It would appear that 2017 could be fairly called the Year of Bitcoin. The most popular and thus valuable cryptocurrency has been breaking record after record this year. On 8 November, 1 BTC was trading somewhere around $7,700; at the beginning of the year it was worth about $960). Crazy.
However, due to the fork that did not happen (and the Bitcoin community was rather looking forward to it, as the intended development should have increased the speed of transactions), the market reacted harshly. Bitcoin quickly lost quite a chunk of its value. At one point in time, it was as low as $5,600, but at press time had rebounded to $7,200. Hence, it is growing. Again.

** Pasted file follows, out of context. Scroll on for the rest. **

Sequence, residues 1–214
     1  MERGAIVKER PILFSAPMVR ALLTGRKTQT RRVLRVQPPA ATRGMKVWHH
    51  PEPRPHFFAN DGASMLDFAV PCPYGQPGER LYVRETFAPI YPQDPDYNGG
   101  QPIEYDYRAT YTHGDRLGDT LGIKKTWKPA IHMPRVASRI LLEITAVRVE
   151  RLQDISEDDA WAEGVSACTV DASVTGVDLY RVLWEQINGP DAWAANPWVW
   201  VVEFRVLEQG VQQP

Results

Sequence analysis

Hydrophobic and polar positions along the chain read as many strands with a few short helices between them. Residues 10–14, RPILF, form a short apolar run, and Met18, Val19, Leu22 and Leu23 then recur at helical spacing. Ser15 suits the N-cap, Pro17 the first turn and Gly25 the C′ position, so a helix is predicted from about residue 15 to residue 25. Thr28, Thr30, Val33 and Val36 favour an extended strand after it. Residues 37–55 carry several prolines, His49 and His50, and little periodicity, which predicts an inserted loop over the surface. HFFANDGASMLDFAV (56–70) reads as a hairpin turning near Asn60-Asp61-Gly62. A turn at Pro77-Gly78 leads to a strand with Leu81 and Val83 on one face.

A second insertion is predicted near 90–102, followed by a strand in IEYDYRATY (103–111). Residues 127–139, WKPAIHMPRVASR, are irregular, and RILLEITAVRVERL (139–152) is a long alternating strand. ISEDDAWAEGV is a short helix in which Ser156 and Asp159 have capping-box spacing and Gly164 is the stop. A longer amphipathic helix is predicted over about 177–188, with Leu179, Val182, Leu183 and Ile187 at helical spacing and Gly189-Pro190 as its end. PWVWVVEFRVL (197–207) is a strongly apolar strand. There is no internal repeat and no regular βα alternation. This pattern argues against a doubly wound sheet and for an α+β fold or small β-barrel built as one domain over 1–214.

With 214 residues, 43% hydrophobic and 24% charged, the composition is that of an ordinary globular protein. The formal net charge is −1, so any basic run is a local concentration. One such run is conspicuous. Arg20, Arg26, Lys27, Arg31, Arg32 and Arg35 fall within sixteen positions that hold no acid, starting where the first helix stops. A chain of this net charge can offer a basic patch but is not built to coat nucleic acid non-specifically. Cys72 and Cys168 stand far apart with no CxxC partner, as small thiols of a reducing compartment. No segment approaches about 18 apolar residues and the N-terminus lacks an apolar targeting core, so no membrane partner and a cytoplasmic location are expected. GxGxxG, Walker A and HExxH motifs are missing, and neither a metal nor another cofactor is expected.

Despite seeing all of this, I am still quite surprised that many people tend to think that Bitcoin is a currency, though at this point in time it is not a threat to our regular fiat currencies. On the other hand, a number of people seem to realize that transaction times, energy inefficiencies in Bitcoin mining and the like are some of the key challenges that prevent Bitcoin from becoming a true alternative to USD, GBP or EUR.
No matter which position you hold, I must disappoint you (but stay me with nevertheless!) – Bitcoin is no longer a currency, and it will never be one. Here’s why…